Chubb finds IoT success with wine program
Like every insurance company, Chubb is looking for digital wins as it navigates the incredibly complex coronavirus era. One place it’s found success is in anInternet of Things program for wine collections.
Through a partnership with Hartford Steam Boiler, Chubb has been deploying temperature and moisture sensors with certain clients who have collections that are at particular risk for damage from big swings. Chief digital officer Sean Ringsted says that the sensors, which alert customers to potentially ruinous changes, are helping the insurer reposition itself as a risk-management partner rather than just a payment vendor in case of damage.
“We think about how insurance needs to change-- and will change -- from a ‘repair and replace model’ to ‘predict and prevent.’” he says. “This really is a great example of how real-time technology can help predict and prevent damage to collections before it occurs,”
Ringsted says that while avoiding damage to collectibles is crucial, there’s more to this model than just reducing claims volumes. Paying out has never really been an issue for the insurance industry, but the monetary loss isn’t the extent of the customers’ lived experience.
“This preserves the collection and avoids the claim. And I think that's important. We can give you the cash back, but it's everything else about what you've lost and how you've lost it,” Ringsted says. “If you do have damage to a wine collection, it’s not just the wine -- it could be structural damage and you have to figure out how to replace all of that. A monetary amount doesn't really do justice to the inconvenience you would face.”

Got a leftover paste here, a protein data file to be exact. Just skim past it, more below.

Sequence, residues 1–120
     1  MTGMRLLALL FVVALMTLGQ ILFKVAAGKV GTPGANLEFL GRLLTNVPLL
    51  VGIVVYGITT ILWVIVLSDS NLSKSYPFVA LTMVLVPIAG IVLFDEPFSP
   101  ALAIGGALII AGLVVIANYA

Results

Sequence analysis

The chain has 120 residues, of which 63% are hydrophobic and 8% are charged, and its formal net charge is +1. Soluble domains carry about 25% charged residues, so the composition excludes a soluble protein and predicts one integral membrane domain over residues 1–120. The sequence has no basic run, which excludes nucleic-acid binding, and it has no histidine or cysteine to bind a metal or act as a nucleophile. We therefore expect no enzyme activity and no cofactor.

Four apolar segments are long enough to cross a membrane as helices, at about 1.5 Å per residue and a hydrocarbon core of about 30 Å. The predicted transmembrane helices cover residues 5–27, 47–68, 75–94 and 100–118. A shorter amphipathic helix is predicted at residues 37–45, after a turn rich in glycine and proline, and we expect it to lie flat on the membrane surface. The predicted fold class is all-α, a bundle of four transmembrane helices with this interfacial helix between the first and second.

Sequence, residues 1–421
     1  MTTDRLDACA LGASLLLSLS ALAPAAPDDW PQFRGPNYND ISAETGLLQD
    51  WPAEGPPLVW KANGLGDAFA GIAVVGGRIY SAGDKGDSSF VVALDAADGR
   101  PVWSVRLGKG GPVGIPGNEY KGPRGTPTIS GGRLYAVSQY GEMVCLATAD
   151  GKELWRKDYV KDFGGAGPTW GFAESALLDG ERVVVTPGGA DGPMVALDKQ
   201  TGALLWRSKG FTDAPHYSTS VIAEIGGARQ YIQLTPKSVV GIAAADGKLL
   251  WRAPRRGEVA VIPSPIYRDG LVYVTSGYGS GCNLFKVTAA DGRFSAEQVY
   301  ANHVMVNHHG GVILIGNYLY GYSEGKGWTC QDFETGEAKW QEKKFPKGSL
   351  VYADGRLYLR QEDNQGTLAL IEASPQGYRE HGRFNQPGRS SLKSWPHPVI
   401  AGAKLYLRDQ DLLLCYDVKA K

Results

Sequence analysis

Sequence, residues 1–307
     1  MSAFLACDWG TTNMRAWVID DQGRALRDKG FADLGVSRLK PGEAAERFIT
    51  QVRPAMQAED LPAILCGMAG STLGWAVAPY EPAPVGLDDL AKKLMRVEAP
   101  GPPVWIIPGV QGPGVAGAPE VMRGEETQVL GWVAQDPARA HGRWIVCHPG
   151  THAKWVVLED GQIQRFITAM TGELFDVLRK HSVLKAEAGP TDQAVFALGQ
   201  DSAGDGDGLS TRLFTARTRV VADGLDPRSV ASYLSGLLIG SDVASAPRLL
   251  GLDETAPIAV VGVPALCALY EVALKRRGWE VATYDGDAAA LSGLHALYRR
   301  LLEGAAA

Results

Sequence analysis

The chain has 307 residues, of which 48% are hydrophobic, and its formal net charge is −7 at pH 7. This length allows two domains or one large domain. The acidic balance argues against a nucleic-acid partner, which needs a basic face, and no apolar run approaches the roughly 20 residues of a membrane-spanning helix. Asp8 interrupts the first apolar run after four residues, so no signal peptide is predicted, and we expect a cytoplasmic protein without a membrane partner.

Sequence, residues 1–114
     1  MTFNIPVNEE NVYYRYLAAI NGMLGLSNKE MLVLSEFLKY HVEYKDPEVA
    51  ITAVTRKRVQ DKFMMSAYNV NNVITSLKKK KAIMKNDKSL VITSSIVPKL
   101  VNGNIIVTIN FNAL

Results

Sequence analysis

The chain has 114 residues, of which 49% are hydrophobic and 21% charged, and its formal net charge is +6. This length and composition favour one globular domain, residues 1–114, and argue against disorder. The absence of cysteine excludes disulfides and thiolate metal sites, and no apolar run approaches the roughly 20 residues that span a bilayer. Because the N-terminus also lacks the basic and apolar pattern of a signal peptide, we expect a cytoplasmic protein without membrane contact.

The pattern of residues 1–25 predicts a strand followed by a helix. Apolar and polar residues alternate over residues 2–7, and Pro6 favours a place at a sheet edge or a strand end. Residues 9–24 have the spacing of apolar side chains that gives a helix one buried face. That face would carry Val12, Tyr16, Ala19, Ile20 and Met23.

It’s not just high-value insureds that will benefit from carriers like Chubb leaning into the IoT and a new standard for customer interaction and monitoring. But the use case provides an important pilot for applying the technology elsewhere. And there are lessons. For example, Ringsted says, what’s important off the bat is that the technology itself is easy to use and provides actionable data back to insureds that can prevent them from suffering big losses.
“You can have the concept, the idea. But it's really been enabled by the advances today in in technology,” he explains. “You're also after those very slight changes. That's all detected by the sensor and then that's passed back to the client in an app. And they can see the readings over real time and, if it goes significantly above the predetermined parameters, then we'll also go to the service center to trigger additional support.”
Amidst the massive upheaval caused by the COVID-19 pandemic, Chubb sees even more potential for sensor technology to become a crucial part of commercial real estate coverage. Offices are already largely deserted for the weekend, and if more people convert to work-from-home, there could be big sections of buildings seeing less use.
But beyond that, sensorized locations could also be a beginning to low- and even no-touch claims adjusting when something does happen, Ringsted posits.
“We have found immediate value in detection of potential issues before they become a problem in an empty occupancy -- with everyone at home, building the spaces is not occupied,” he says. “But to inspect buildings, we've also found value. It’s putting more remote site inspection on the claim side and the risk engineering side where you're using mobile technology to assess a claim or do inspection -- clearly, there's this potential.”